THUMBS UP to Fletcher Kittredge, founder and CEO of GWI, for bringing attention to Maine’s broadband infrastructure, which is steadily falling behind that of other states.

Kittredge, who started the Biddeford-based Internet service provider two decades ago, has come up with a 10-point plan for improving broadband access in Maine. He points to a report ranking the state 49th out of 50 for quality and availability of broadband access. Another recent study placed Maine as tied in 37th place for average broadband Internet speed.

This is an issue that should be kept in the minds of policymakers, since it has an impact on every sector of the economy and every corner of the state.

A state task force late last year released a report on Maine’s lagging efforts on high-speed Internet. The group found that while 93 percent of Maine homes have access to broadband, only 75 percent are connected, and only 59 percent of Maine small businesses have a website.

As a rural and spread-out state, Maine already has trouble drawing investment in information technology infrastructure, which gravitates toward densely populated, customer-heavy areas. The lack of use only hurts the state more.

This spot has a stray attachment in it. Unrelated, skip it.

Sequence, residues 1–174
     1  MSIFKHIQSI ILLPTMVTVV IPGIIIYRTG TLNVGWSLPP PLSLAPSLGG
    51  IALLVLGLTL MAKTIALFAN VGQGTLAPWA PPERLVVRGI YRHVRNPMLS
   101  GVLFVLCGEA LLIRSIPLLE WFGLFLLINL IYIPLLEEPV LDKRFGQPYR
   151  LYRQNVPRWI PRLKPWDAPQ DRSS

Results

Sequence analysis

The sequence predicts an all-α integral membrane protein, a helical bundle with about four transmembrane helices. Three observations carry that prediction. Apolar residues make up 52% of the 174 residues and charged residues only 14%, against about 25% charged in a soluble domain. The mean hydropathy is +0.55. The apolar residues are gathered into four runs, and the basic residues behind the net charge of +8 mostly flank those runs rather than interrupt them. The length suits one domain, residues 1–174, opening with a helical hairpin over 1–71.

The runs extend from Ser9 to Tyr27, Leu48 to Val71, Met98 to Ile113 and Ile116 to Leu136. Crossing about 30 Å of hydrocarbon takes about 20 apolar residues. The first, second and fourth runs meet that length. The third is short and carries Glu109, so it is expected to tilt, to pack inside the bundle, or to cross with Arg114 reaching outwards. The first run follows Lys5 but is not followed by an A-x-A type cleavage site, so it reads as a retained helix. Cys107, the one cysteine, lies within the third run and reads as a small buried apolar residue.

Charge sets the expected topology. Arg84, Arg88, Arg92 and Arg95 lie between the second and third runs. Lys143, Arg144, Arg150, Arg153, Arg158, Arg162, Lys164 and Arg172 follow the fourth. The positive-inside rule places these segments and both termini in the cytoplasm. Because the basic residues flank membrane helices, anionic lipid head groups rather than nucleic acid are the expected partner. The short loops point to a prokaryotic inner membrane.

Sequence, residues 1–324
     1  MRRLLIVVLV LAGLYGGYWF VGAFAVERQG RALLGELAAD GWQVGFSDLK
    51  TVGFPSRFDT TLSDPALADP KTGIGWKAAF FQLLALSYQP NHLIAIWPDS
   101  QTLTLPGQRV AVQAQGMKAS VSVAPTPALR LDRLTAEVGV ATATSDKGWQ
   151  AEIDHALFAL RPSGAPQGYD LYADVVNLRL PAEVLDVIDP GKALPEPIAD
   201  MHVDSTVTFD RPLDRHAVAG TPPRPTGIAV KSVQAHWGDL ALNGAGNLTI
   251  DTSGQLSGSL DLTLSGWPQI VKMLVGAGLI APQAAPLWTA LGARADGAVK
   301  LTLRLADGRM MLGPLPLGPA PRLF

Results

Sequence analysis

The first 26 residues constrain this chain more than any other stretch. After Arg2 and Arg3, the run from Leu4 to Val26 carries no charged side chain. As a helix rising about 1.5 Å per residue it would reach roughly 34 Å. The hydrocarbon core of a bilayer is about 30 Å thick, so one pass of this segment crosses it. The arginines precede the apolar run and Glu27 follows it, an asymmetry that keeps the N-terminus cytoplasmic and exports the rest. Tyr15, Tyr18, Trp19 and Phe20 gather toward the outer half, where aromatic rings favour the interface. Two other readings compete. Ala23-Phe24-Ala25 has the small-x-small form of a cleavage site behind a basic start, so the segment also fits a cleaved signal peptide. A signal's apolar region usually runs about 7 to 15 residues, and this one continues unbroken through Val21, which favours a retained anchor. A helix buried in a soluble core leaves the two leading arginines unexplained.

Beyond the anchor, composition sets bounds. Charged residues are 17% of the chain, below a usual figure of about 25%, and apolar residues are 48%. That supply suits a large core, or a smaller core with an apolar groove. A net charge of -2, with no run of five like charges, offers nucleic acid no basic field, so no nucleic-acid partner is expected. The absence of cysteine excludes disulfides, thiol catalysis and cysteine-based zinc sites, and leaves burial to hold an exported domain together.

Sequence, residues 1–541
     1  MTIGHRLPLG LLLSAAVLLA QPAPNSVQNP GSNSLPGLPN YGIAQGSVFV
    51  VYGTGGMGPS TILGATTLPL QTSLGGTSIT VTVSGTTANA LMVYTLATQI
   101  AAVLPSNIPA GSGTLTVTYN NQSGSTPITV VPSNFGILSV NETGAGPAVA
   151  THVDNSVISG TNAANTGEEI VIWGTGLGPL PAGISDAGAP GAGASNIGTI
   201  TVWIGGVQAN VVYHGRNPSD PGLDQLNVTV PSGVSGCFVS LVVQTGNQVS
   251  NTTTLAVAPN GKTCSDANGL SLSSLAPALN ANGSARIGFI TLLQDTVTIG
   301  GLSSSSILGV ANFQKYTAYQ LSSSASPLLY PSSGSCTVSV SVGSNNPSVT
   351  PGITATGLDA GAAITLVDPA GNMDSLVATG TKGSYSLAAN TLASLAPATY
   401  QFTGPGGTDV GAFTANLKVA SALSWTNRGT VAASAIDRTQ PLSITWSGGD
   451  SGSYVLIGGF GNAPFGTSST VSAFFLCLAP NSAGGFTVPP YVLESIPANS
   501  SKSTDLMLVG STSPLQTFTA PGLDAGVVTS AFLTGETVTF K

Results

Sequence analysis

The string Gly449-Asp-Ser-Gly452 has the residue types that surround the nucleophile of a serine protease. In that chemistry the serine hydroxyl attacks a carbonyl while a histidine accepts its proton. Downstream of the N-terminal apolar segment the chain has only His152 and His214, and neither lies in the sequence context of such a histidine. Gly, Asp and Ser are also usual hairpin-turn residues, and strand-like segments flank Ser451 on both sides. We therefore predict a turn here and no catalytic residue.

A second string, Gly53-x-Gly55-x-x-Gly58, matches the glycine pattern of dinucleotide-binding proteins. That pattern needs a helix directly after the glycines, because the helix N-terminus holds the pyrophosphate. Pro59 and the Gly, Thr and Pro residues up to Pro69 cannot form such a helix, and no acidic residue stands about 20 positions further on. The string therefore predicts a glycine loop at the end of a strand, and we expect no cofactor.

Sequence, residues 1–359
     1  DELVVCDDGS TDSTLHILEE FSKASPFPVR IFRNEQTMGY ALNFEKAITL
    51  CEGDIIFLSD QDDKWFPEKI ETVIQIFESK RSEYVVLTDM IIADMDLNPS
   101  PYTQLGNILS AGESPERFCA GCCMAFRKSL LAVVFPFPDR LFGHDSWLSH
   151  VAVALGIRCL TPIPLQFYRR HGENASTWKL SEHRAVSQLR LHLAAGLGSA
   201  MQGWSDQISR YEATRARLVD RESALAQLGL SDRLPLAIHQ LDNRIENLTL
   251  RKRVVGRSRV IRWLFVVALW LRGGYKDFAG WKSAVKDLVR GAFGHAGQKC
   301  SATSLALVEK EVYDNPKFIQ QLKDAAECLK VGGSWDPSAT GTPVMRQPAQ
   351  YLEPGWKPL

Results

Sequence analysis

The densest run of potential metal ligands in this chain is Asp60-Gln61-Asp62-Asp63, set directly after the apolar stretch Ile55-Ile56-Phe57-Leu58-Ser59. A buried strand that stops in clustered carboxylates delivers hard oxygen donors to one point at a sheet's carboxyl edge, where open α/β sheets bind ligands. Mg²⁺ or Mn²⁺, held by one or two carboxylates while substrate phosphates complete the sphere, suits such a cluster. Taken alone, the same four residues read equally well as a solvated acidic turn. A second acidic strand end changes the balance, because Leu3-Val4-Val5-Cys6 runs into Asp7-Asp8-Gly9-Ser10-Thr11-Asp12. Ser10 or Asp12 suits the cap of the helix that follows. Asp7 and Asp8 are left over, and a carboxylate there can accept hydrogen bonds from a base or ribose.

The task force also issued recommendations for correcting the problem, actions that it said would add more than 11,000 jobs and generate more than $70 million in state and local tax revenue over 10 years.

These recommendations, as well as Kittredge’s, should be a call to action. State-of-the-art broadband offers entrepreneurs the ability to start and grow businesses anywhere. That will benefit Maine, if it can only take advantage.

THUMBS DOWN to Congress for once again kicking a substantial issue just a little farther down the road, so to speak.

This time, it’s the looming bankruptcy of the Highway Trust Fund, which supports state transportation projects. The fund was looking at a shortfall of about $16 billion until Congress passed a stop-gap measure worth $10.9 billion just before leaving for summer recess.

That saves most of the highway projects scheduled through next May, but it also guarantees that Congress will be debating the issue all over again in a few months. That is not good news in Maine, a geographically large state that depends on a vast network of roads to support economic activity and is falling behind on its road improvement projects.

Driving the shortfall is the failure to increase the gas tax, which populates the highway fund and has been stuck at 18.4 cents a gallon since 1993. Considering inflation, that calculates to a 64 percent cut in highway funding in the last two decades, even as costs and miles of road have steadily increased.

A bipartisan proposal out of the Senate last month called for raising the gas tax by 12 cents over the next two years and indexing it to inflation. In an election year, the tax increase was scuttled.

Let’s hope Congress has more sense when the issue resurfaces next spring.

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